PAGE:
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iCubed* is a grant-funded study examining the relative effectiveness of four student success interventions in science, technology, engineering, and mathematics (STEM).  As a unique opportunity at UMBC for eligible first year students, the iCubed investigation targeted undergraduates  pursuing majors in STEM. The interventions represent tried and true initiatives employed by various high cost scholarship programs at UMBC.  Data analysis is in progress for the study, which seeks to establish which activities are both successful and cost effective for scaling up to benefit large numbers of future first year STEM students. The third of three cohorts completed their academic year of interventions in Spring 2014, with a total of 1,274 freshmen enrolled in iCubed@UMBC as follows:

Cohort 1 (2011-2012) – 309 participants
Cohort 2 (2012-2013) – 516 participants
Cohort 3 (2013-2014) – 449 participants

Student participants in iCubed@UMBC received one of five possible benefits (randomly-assigned interventions) over the fall and spring semesters of their first year at UMBC:

  • Community-based studying with other students (Team: Study Groups)
  • Direct mentoring from professors in their majors (Team: Faculty Mentoring)
  • One-on-one guidance from professional staff specific to career goals (Team: Staff Mentoring)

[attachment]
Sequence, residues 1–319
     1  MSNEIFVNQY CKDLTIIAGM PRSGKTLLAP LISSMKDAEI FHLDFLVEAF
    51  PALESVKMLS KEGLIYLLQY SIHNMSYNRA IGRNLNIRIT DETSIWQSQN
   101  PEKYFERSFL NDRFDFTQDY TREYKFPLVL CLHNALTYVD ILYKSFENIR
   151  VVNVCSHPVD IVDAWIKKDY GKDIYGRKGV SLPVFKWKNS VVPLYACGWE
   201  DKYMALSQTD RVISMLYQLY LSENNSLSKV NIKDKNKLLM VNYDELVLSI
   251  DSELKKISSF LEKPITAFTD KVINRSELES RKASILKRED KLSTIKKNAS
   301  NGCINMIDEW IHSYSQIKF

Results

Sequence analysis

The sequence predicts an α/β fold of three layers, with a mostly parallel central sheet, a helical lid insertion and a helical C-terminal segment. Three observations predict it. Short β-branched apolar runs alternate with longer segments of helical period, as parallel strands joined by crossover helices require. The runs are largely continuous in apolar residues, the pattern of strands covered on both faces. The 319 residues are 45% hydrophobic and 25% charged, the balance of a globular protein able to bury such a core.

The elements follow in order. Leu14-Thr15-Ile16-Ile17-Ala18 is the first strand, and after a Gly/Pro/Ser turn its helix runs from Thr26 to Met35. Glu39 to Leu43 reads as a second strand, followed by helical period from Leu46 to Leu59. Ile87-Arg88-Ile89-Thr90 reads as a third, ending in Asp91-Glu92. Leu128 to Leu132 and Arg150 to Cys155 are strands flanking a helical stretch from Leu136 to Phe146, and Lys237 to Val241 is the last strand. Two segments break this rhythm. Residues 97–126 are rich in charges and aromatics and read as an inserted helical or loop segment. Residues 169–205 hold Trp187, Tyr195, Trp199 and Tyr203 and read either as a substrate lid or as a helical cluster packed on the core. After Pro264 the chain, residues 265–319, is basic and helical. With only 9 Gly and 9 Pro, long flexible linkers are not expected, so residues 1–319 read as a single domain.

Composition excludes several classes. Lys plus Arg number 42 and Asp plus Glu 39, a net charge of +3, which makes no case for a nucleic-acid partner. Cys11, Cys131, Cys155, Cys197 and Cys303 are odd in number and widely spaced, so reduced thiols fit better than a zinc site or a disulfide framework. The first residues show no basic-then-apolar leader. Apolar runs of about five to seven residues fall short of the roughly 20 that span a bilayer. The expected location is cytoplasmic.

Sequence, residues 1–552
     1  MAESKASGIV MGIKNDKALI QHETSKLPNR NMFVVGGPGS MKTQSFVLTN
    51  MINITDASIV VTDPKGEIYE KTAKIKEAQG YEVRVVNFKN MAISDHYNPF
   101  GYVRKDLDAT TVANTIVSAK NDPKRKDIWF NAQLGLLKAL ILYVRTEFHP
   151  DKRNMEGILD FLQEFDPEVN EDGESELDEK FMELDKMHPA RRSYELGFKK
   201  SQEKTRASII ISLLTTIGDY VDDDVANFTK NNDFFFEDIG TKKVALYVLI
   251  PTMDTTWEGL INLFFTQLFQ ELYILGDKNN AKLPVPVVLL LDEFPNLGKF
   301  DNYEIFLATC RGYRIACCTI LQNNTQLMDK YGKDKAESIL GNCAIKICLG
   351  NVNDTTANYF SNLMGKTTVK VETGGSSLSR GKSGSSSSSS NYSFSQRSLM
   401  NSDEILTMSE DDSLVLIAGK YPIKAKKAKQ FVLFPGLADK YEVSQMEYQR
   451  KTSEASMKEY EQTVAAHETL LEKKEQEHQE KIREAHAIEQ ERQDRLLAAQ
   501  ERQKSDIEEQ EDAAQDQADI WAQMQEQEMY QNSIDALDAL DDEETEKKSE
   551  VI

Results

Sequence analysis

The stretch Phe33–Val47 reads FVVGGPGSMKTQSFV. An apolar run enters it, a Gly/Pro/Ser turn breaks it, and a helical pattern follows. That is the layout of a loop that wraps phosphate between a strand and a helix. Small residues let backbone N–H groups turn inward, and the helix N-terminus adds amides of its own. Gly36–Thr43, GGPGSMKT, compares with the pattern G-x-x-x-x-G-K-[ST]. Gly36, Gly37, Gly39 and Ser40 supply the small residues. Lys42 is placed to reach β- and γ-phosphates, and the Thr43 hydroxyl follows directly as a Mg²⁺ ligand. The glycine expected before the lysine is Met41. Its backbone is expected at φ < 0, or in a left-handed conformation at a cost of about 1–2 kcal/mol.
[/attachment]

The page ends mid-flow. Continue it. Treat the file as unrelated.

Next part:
• Enrollment in a special active learning math course (Team: Active Learning)
  • $50 UMBC Bookstore Certificate with access to the existing benefits and support available to all UMBC freshmen (Team: $ UMBC)

STEM Majors as defined by the iCubed project:

Biological Sciences
Bioinformatics and Computational Biology
Biochemistry and Molecular Biology
Chemistry
Chemistry Education
Mathematics
Statistics
Physics
Physics Education
Psychology
Computer Engineering
Computer Science
Chemical Engineering
Mechanical Engineering
Environmental Studies
Environmental Sciences
Geography
Information Systems
Business Technology Administration

* iCubed is the abbreviated project name for the “Evaluation, Integration and Institutionalization of Initiatives to Enhance STEM Student Success.” The National Science Foundation (NSF) is funding this important study over a five-year period   Dr. Philip Rous, UMBC’s Provost, is leading the study. Per the protocol, participants could opt out of the iCubed study at any time.

Questions should be directed to iCubed@UMBC Project Director, Kathy Lee Sutphin, at sutphin@umbc.edu.